Civil fines generally related to incomplete forms, missing signatures, and missed deadlines can be as high as several thousand dollars per offense.

Consequences for criminal violations such as patterns of knowingly hiring undocumented individuals or harboring individuals in the U.S. could result in heavy fines, loss of workforce, or loss of a business license. Additional areas that could result in damaging consequences may include criminal violations such as perjury, VISA fraud, identity fraud, identity theft, tax fraud, or mistreatment of workers.

 

How to Handle an ICE Audit

One of the best ways to handle an ICE audit is preparation. With the number of worksite investigations on the rise, every company should be making every reasonable effort to get its Form I-9 protocol in order. While the process can sound daunting, resources such as digital I-9 software may be able to help.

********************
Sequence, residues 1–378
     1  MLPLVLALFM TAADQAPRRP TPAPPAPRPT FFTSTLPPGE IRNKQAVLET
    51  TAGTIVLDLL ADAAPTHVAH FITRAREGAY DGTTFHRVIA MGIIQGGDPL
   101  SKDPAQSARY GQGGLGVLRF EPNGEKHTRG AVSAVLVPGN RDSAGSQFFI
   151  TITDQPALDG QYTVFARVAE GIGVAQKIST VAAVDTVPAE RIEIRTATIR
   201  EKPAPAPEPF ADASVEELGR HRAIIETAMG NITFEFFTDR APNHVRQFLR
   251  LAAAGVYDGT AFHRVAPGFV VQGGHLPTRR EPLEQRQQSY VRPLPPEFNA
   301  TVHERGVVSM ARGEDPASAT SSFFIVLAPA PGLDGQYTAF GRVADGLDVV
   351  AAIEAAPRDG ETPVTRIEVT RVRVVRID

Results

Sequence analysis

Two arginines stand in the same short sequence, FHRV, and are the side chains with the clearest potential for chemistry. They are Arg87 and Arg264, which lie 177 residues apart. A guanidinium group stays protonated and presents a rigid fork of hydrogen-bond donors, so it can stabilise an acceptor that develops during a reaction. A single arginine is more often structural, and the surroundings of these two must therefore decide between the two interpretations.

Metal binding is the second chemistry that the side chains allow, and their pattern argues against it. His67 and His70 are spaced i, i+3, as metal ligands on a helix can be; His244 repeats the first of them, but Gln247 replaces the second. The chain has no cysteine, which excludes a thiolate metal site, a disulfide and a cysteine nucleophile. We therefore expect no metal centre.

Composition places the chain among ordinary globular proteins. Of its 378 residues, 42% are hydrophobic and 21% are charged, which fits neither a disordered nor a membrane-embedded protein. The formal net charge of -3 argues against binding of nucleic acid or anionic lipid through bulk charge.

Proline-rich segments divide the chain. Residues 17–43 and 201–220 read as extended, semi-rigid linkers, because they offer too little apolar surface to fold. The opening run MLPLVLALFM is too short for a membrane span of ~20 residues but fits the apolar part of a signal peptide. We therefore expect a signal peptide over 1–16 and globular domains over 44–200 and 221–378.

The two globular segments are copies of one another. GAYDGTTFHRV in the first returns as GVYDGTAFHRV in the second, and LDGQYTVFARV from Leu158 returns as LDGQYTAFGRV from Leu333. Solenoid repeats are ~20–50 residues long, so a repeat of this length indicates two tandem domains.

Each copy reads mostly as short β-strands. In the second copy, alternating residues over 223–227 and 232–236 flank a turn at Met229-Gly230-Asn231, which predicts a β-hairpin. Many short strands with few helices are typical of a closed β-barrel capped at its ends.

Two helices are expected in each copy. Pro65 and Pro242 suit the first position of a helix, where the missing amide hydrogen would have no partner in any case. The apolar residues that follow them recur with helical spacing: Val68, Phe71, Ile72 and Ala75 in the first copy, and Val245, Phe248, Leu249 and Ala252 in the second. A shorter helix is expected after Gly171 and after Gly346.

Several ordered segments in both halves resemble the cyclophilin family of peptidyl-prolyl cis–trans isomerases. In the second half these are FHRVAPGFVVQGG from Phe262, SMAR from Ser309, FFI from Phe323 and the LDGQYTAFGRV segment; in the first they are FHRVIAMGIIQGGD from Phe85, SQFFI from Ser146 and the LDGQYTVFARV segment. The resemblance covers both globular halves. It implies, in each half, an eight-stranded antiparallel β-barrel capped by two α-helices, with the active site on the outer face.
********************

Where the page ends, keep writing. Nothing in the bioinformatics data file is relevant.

Digital I-9 software typically offers users the following features:

  • Printable checklist for employees to get familiar with the information that will be requested the first day of work
  • Printable checklist for employers to help keep track of an employee’s Form I-9 progress
  • Error Alerts for blank fields, incomplete fields, and missing signatures
  • Document expiration alerts for documents that are set to soon expire
  • Document archiving guidance
  • Centralized reporting that can provide compliance reports at any time
  • Audit assistance